Scientists have watched as a new species is “born”—or is that “evolved”?—on one of the Galapagos Islands, home of Darwin’s famous finches.
Kapow! That’s one small plume for man, one amazing new discovery for mankind.
Being the science geeks that we are, this story has all the elements of something we get excited about: spacecraft, a high-speed collision, and definitive evidence of water. Too bad the news reports don’t stick with the facts.
We typically think of the “missing link” as an ape–human transitional form. In this case, though, the “missing link” is “big, short-footed, barrel-chested, long-necked, small-headed dinosaur.”
Pathogenic resistance to antibiotics is a textbook example of “direct evidence for evolution”—literally. What does recent work on the topic suggest?
Intelligent design means never having to ask for directions.
Turtles, birds, and butterflies had GPS long before humans invented the device. These creatures migrate thousands of miles each year to find food, to find breeding grounds, and to escape harsher seasons. Now scientists may be one step closer to uncovering how this animal navigation system works.
6. And Don’t Miss . . .
- Could one species of African monkey, Rungwecebus kipunji, be from the same created kind as baboons (from the Papio genus)? That may be the implication of recent research that revealed what may be traces of baboon DNA in one Rungwecebus population.
- Why is religion ubiquitous—is it because it “has the hallmarks of an evolved behavior, meaning that it exists because it was favored by natural selection,” as was argued in The New York Times this week? John UpChurch of Answers in Genesis will respond to the provocative piece in a featured web article in December.
- Is the human brain shrinking? A LiveScience essay notes, “Surprisingly, based on skull measurements, the human brain appears to have been shrinking over the last 5,000 or so years.” We have not fully researched how scientists arrived at this conclusion, but if true, it would fit in well with the Bible’s presentation of man as created perfect—but affected but the Fall in the six millennia since.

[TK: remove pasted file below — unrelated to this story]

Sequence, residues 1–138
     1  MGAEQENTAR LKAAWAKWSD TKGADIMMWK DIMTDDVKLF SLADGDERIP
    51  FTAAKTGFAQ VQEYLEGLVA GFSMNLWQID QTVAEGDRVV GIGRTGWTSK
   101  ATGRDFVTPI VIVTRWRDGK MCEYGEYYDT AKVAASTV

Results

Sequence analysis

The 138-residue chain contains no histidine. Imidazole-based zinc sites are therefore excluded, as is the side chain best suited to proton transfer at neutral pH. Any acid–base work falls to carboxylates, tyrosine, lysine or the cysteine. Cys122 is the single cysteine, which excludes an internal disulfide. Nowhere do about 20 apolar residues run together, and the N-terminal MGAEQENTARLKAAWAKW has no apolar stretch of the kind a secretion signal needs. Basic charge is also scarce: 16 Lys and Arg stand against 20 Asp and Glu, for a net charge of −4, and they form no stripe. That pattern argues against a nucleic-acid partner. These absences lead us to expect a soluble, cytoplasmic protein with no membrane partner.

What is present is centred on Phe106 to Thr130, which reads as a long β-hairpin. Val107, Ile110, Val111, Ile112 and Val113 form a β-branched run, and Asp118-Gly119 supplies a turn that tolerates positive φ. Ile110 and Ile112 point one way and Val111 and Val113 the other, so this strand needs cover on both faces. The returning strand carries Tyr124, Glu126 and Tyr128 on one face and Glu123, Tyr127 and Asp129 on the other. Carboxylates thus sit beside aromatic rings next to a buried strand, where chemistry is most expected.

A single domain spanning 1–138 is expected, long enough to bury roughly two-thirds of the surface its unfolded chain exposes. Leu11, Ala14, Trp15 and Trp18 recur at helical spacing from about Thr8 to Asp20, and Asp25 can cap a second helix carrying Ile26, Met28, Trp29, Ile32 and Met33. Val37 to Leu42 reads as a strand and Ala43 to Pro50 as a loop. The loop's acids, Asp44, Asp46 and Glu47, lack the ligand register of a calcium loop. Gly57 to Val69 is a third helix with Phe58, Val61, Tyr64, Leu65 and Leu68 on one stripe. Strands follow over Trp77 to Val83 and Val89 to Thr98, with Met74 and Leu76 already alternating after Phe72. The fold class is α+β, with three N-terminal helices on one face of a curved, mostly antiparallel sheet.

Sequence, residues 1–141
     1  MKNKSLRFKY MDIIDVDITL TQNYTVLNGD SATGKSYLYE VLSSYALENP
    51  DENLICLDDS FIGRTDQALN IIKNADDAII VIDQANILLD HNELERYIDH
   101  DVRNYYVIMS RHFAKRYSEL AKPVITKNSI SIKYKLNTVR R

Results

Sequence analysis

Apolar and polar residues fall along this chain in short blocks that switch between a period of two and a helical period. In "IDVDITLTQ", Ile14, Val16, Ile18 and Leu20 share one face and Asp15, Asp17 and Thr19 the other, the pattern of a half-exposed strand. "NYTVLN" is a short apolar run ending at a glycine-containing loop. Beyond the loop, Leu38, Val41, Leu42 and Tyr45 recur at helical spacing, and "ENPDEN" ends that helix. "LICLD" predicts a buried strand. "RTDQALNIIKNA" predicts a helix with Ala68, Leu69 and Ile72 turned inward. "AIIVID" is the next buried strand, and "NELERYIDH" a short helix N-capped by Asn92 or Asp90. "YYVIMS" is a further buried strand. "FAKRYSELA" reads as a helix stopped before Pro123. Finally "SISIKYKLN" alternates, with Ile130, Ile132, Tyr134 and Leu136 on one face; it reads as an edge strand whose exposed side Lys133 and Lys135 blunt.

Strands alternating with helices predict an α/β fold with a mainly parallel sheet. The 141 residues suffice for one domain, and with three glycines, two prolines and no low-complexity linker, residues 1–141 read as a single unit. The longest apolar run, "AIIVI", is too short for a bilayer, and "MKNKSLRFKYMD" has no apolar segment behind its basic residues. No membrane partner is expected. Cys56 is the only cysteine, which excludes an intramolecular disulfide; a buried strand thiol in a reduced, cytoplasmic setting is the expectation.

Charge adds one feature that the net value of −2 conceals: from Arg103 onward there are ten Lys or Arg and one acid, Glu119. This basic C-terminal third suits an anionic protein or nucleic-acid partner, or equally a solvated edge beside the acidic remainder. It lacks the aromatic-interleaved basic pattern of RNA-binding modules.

- Last week we noted the story of Abby Johnson, the director of an abortion clinic who had resigned after watching an abortion on an ultrasound machine. A reader sent in a LifeNews.com report describing the “battle” Johnson now faces with the Episcopalian Church she attends, which (she perceives) is hostile to her new pro-life stance.
- The fact that chimpanzees gesture primarily with their right hands suggests “another link between humans and one of the species most closely related to us,” National Geographic News reports. While chimpanzees are indeed intelligent (relative to many animals) and are similar to us in many ways, this discovery no more proves our evolutionary heritage with chimps than parrot speech proves an evolutionary connection with birds.
- Australian and British researchers are studying insect wings as inspiration for “self-cleaning, water-resistant, and friction-free coatings for a wide range of machine components, construction materials, and other applications,” Nanowerk News reports.
- We’ve previously written about erstwhile U.S. vice presidential candidate Sarah Palin and her creationist views—see the September 6, 13, 20, and October 4 editions of News to Note from last year. The former Alaska governor just released a memoir, Going Rogue, in which she offers an anecdote about her creationist views. Palin explains (according to MSNBC), “I believe that God created us and also that He can create an evolutionary process that allows species to change and adopt.” That sounds in line with the Bible’s teaching if by “evolutionary process” Palin means the working of natural selection to reduce genetic information in organisms, resulting in speciation from the original created kinds.
Remember, if you see a news story that might merit some attention, let us know about it! (Note: if the story originates from the Associated Press, Fox News, MSNBC, New York Times or another major national media outlet, we will most likely have already heard about it.) And thanks to all of our readers who have submitted great news tips to us. If you didn’t catch last week’s News to Note, why not take a look at it now? See you next week!